General Ibarra Information

Snow capped mountain view from our apartment

Ibarra is a moderate sized city of about 140,000 people in northern Ecuador. It felt “old” in most of the areas although we did go to a couple of new malls in the area.

Didn’t see wheelchair accessible buses despite these signs on all of the Ibarra buses

I continue to be impressed with how much buses are used in Latin America compared to most places I have been in the USA. Buses tend to be fairly clean and run frequently. In Ibarra, it was $0.15 per senior for a ride, $0.30 for others. My only issue is that despite having these signs about disabled people and people in wheelchairs, I didn’t see any wheelchair accessible buses. In fact, the buses are very high off the ground and if you aren’t getting on/off at a curb, it can be an issue for us shorties. Given the number of short Andean people, it is amazing.


Breast feeding is the norm in Ecuador as it really should be in all countries. In addition to a very prominent statue in honor of breast feeding, you will often see a woman breast feeding her child openly on the bus, sitting on a curb, or just about anywhere. Unlike American women who usually drape themselves, these women don’t cover up, at all. Way to go!!!


Shawl is useful for warmth as well as carrying things/babies
Necklaces are usually smaller but there are lots of them. Image compliments of
Andeans selling various beans or food. You can often see beans drying on the sidewalk or street

There were a lot of indigenous Andean people who are easily recognized by their stature and clothing. Women usually have on a hat and a shawl tied to one side, and lots of gold necklaces. Men are dressed in slacks and a white shirt and hat.

And they are often seen carrying large/heavy loads.

B/N at the bottom means blanco and negro (white and black)

We are so used to saying “black and white” photos and copies that it was surprising to see “blanco y negro” (white and black) signs advertised. Sometimes they said “b/n”.

Children don’t just learn their ABC’s in school. In Spanish, “ch” is a distinct letter even though it is pronounced the same as “ch” in English.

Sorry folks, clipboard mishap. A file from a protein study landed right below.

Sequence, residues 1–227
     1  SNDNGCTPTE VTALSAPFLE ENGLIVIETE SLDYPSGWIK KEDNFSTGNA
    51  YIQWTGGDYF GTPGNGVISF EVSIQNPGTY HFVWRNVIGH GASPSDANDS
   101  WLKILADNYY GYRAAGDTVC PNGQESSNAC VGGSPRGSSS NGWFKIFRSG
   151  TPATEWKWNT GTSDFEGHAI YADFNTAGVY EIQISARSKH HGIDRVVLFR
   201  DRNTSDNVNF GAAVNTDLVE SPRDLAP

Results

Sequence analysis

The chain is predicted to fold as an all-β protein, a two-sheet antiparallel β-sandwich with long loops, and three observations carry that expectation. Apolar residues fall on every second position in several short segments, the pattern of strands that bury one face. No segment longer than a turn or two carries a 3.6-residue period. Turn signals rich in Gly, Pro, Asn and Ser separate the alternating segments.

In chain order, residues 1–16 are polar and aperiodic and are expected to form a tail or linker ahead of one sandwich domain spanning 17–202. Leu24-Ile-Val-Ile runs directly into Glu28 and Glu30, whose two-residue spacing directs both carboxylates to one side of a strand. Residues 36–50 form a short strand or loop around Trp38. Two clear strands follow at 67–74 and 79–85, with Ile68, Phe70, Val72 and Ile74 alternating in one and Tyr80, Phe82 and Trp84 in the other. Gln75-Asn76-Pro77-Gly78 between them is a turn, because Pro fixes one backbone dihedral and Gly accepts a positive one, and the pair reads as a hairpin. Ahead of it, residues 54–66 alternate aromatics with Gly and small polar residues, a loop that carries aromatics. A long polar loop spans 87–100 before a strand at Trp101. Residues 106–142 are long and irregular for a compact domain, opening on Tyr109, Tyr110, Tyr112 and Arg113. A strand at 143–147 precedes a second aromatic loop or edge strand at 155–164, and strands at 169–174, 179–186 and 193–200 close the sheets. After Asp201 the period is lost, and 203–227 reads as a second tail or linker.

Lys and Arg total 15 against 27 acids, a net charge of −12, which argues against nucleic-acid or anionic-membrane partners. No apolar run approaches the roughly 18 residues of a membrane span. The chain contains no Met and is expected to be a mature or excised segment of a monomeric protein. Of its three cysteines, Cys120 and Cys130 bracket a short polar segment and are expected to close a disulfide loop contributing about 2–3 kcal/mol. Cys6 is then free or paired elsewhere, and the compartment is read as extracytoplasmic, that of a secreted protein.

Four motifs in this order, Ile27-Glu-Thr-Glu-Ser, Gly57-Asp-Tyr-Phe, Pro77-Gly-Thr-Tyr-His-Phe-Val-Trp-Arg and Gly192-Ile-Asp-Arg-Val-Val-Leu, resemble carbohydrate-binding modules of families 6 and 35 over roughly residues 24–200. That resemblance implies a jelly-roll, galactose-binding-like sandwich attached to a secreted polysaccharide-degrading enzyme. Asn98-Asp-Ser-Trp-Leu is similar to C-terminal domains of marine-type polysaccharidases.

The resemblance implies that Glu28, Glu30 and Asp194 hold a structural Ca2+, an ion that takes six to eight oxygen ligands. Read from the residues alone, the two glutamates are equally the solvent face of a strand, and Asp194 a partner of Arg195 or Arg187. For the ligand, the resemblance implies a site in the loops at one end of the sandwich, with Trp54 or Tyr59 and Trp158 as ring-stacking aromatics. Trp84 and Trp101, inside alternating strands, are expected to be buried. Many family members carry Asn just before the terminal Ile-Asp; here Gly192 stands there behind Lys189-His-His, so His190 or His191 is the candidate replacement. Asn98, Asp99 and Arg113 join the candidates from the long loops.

Trash is placed in neighborhood bins that are scattered around the area. Presumably the bins are exchanged for full ones although I didn’t actually see this.

Note the small opening in the middle of the door on the left as you face the picture.

It is not uncommon to see shops that have bars on the door with a small opening. I am sure that this cuts down on shoplifting but it also probably cuts down on impulse buying as well.

It was odd to hear dogs barking and not see any on the street because they were on the second floor looking out. Lots of dogs in the neighborhood where we stayed.

Goats for sale?

And don’t forget the goats. Here is a picture of some in the town and also others 2 blocks from where we stayed being herded by a young man.

Goats grazing 2 blocks from our apartment
Boy in the middle is squirting the bus with a yellow squirtgun

Lastly, there was a 4 day holiday while we were in Ibarra. That was an excuse for kids to spray people with a foam soap. Or even better, use a squirt gun with a back pack reservoir to spray the bus as it goes by.

One thought on “General Ibarra Information”

  1. The way that this was headed, I expected to read about a general named Ibarra! I like the new format, where you included photos all the way through your text. Since I could never get your Extra pictures to open, I like this way of including them.

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